Friday, January 23, 2015

Robert Grudin: the mind's blind spot

III.3

In the same way that our eyes have blind spots in space, our minds have blind spots in time;  areas of time which we habitually or congenitally ignore.  My own blind spot is the recent past, the events of yesterday or last week.  I experience things quite fully in the present; but then they submerge, not to reappear until they are images on the flat wall of the past.  Why is this so?  Is there something uncomfortable, raw, undigested, embarrassing about the jumble of experience just behind me?  Is it ignored simply because it is too chaotic to make sense?  Look at the past day, the past hour:  their interruptions, frivolities, compromises, false startsWe may well have good reason to overlook the immediate past, for the immediate past holds the uncensored truth of the present.

I have trouble remembering in the evening what I did that morning or afternoon.  This is why I write things down that I want to remember in a small notebook that I carry with me, wherever I go.  I call it my non-volatile memory.  Even this isn't 100% perfect for sometimes I write so hastily that I can't read my writing (too many years in school taking notes).

At other times I don't put enough information down, so when I do finally stumble across the note, I wonder what it means and why I wrote it.  For example, I will come across a note--find and email the name of the author of such-and-such book.  Unfortunately I didn't write down the name of the person I was doing the research for.

I suspect we forget a lot that happens recently because we consider it trivial and don't really focus on it long enough to be retained in memory.   Something happens and then something else happens that pushes it out of our mind, and so it goes, until a significant event occurs, which remains with us long enough to be retained. 

Any thoughts?

Do you have any mental blind spots? 

14 comments:

  1. My memory is a rapidly deteriorating sieve that is becoming incapable of holding anything. Such is life.

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    1. R.T.,

      Take notes or carry a small tape recorder, if it gets really serious. Or remember the quotation attributed to Ingrid Bergman: Happiness is good health and a bad memory.

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  2. Hey Fred, have you watched Memento?

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    1. Di,

      Yes, but I will watch it again with, I hope, a better idea of what's really happening (if I remember!).

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    2. Okay. It just reminded me of it when I read the line about you writing things down in a notebook. Haha.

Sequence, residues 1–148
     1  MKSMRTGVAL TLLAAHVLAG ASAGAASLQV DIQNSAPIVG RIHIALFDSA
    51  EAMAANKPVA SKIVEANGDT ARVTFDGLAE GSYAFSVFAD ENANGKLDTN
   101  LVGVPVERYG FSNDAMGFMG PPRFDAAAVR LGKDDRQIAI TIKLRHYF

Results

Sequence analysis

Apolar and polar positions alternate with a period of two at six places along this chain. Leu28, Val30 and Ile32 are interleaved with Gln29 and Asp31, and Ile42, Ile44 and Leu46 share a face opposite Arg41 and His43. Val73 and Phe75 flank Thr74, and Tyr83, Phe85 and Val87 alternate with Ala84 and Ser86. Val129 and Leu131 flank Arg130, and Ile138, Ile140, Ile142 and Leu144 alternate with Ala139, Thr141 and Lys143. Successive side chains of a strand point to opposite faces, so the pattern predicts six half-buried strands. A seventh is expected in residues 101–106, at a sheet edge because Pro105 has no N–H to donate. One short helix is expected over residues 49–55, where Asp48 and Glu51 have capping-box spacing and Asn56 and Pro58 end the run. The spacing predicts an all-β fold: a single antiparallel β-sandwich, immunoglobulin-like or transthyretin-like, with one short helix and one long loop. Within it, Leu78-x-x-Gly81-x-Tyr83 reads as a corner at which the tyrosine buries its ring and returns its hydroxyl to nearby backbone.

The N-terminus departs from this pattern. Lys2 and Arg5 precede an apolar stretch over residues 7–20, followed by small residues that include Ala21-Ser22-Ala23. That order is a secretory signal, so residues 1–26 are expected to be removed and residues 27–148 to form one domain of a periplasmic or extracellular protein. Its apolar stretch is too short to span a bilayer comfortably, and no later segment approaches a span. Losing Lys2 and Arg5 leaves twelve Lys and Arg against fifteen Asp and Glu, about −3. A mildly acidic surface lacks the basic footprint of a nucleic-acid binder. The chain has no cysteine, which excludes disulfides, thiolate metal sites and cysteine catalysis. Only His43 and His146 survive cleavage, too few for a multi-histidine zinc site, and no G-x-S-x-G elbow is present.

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    3. Di,

      Writing things down as I do reminds me of a novel by Gene Wolfe, _Soldier of the Mist_, about a Roman mercenary who fought for the Persians under Xerxes. He was cursed by a goddess for fighting in her temple. He forgot everything that happened during the day when he went to sleep. Consequently he would write down what happened that day, just before turning in, and read it the next morning.

      Sometimes I feel like him.

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    4. Oh you do?
      I'm too young to experience that. But I often have trouble remembering faces, and names. Sometimes someone smiles with me and I don't react, and it's only after days or even weeks do I recognise them. And sometimes I mix up 2 people that may not look that alike. Embarrassing.
      And I haven't reached the age when I can put the blame on my age. No excuse whatsoever.

      Delete
  3. Di,

    That sounds normal to me. Nature never succeeds in perfecting various systems, but close approximation and a reasonable functionality is the best we can hope for.

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    Replies
    1. I guess. That makes me feel a bit better.

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  4. Di,

    I have to keep reminding myself of that regularly, especially just after I've gotten up, walked to the other end of the house to get something, answered the phone which just started ringing,return to where I started from, and then have to go back because I forgot to get what I came out for.

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    Replies
    1. That's happened to me! And very often, I'm saying something, or intending to, and get interrupted by someone or some sound, and then I forget what I've been intending to say. Hahaha.

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  5. Di,

    Distraction--the bane of the human mind.

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  6. And the older you get, Fred, the worse it becomes.But it always helps to know that you're not the only one undergoing these daily mind lurches. If it's something I MUST remember - I MUST write it down. No question. I can't tell you how many tea kettles I've burned on the kitchen stove (and had to replace) just from simply forgetting that I'm boiling water in the kitchen while I'm doing something else. Yes, I've stopped doing that. I think. :)

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  7. Yvette,

    I would fill up a small pan with water and turn the gas on for tea. Later I would come back and find the water gone and would have to start over again.

    Then, while in a grocery store, I discovered a whistling tea pot. It is shrill, it carries through the entire house, and it continues until I do something about it. The cat doesn't like it at all and will leave the kitchen if she's in there when it goes off and complains when I show up.

    So, I have solved that problem. Now I just have to remember to turn the gas on.

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